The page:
A Middle-Eastern Origin for Small Dogs
The Hebrew Bible (Old Testament) has its opinions about dogs. To call someone a “dead dog” is to insult them as ineffectual and non-threatening. In conversation with a superior, you might humbly refer to yourself as “but a dog.” Dogs return to their own vomit. They growl at passersby, but can be shooed away with sticks. Like the birds of the air, they will eat your flesh, if you do not enjoy a proper burial. They are not brave like lions, but for that reason, may live longer.
Perhaps the dog would have cut a more impressive figure in the ancient Near East if at least some of them weren’t so small.
A genetic study has found that small domestic dogs probably originated in the Middle East more than 12,000 years ago.
Here, a modern dog attempts to capture something of the deportment of his diminutive but noble ancestors:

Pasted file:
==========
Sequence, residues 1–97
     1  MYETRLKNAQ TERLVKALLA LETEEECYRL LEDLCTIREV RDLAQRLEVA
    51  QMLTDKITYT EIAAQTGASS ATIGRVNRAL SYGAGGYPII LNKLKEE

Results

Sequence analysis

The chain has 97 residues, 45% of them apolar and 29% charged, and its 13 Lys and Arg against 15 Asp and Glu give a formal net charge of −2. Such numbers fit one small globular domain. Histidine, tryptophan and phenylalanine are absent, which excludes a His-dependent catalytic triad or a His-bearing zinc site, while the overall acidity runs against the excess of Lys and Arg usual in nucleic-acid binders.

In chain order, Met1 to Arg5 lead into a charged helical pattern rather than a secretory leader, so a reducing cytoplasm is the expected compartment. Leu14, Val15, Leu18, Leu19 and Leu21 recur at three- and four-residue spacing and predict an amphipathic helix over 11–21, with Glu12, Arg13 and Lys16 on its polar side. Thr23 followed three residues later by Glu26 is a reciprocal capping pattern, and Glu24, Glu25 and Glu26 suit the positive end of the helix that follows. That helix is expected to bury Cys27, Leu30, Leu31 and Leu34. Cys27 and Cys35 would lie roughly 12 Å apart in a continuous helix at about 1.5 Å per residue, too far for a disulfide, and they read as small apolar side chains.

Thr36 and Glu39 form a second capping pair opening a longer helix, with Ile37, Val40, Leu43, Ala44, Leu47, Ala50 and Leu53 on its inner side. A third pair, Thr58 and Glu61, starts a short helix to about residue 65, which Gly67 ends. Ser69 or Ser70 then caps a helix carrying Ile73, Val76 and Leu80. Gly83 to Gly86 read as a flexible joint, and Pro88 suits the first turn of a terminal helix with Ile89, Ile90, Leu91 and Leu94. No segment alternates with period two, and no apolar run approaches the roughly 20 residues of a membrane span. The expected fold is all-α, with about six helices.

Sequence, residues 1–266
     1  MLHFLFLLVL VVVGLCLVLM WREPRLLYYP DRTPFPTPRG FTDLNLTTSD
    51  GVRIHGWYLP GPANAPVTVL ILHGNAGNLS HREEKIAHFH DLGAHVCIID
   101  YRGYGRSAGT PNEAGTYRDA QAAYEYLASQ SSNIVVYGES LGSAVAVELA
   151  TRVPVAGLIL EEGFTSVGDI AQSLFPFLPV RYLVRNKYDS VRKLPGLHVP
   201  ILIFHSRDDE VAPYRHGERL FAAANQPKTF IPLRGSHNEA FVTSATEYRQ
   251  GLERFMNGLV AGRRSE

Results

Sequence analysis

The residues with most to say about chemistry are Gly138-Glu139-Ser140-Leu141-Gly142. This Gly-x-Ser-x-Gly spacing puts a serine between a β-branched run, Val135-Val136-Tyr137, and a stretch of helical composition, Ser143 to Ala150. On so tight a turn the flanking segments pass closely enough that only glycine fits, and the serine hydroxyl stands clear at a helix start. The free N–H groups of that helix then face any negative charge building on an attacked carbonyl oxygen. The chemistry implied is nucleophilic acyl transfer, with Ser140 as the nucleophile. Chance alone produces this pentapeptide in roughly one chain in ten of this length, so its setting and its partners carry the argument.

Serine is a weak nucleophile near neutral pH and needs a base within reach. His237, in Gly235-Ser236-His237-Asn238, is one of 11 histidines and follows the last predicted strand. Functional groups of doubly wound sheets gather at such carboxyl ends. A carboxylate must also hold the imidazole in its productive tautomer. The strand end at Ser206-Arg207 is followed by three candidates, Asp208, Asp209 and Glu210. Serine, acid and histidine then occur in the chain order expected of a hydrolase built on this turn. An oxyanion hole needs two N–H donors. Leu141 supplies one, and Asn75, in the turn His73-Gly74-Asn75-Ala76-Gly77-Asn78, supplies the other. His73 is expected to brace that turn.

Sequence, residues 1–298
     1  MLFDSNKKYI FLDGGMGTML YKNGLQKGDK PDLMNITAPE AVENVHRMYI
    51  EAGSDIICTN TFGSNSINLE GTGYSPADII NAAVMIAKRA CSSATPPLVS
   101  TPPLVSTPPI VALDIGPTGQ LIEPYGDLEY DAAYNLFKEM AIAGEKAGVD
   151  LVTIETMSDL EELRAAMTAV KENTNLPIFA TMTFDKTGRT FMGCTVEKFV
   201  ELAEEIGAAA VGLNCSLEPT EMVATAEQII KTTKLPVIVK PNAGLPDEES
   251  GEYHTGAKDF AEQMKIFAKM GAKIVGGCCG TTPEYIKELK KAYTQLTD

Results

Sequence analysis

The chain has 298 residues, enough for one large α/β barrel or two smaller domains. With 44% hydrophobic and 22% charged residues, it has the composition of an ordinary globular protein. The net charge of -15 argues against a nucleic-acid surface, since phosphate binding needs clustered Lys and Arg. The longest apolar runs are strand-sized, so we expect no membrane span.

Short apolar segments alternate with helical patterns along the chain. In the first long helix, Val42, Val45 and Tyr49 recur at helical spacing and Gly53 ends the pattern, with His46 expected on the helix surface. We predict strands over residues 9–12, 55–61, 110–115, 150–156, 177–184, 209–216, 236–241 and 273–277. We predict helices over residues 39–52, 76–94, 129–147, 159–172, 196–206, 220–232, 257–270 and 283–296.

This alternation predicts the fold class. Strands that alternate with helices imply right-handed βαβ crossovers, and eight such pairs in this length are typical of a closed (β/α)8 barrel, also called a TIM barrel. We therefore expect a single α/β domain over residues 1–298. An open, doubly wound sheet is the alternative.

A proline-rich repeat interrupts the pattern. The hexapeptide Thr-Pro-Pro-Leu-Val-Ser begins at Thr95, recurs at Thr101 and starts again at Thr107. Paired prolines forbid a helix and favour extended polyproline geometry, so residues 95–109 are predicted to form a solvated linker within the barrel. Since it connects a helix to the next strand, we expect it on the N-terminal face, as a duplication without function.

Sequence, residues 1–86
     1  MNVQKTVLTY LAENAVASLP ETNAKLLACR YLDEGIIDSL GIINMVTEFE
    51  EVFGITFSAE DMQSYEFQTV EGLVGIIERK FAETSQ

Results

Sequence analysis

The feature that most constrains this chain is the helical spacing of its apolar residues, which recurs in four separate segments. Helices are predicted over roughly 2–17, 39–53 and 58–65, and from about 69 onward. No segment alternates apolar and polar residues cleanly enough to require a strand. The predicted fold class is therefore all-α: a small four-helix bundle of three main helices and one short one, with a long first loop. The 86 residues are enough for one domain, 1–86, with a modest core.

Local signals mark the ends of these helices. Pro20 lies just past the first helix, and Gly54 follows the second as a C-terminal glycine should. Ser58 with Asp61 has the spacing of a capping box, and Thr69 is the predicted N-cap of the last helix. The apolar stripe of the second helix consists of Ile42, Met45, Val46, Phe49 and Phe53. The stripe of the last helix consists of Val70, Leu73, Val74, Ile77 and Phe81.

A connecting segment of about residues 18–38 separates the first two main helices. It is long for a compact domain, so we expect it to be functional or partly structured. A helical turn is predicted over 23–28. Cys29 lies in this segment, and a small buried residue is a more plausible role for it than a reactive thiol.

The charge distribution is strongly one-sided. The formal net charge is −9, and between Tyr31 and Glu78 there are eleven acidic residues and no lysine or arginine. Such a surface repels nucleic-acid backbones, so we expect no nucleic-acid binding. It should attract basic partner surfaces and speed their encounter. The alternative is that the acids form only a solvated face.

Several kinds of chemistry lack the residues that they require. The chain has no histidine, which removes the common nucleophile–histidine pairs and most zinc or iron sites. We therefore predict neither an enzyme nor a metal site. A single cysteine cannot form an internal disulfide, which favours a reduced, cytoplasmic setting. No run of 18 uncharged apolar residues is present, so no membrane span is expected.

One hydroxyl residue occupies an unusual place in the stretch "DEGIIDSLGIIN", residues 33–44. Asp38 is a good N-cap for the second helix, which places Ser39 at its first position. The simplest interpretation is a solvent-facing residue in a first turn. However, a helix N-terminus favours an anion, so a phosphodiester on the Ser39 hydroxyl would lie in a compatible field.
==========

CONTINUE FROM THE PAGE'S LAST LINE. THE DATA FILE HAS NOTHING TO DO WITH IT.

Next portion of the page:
h/t to BAR on Twitter.
BACK TO POST (1 Sam 24:14 [all numberings English text]; 2 Sam 9:8; 16:9)
BACK TO POST (2 Kgs 8:13; cf. 2 Sam 9:8)
BACK TO POST (Prov 26:11)
BACK TO POST (Exod 11:7)
BACK TO POST (1 Sam 17:43)
BACK TO POST (Psa 22:20)
BACK TO POST (Eccles 9:4)
[A Middle-Eastern Origin for Small Dogs was written by G. Brooke Lester for Anumma.com and was originally posted on 2010/03/15. Except as noted, it is © 2010 G. Brooke Lester and licensed for re-use only under CC BY-NC-ND 3.0.]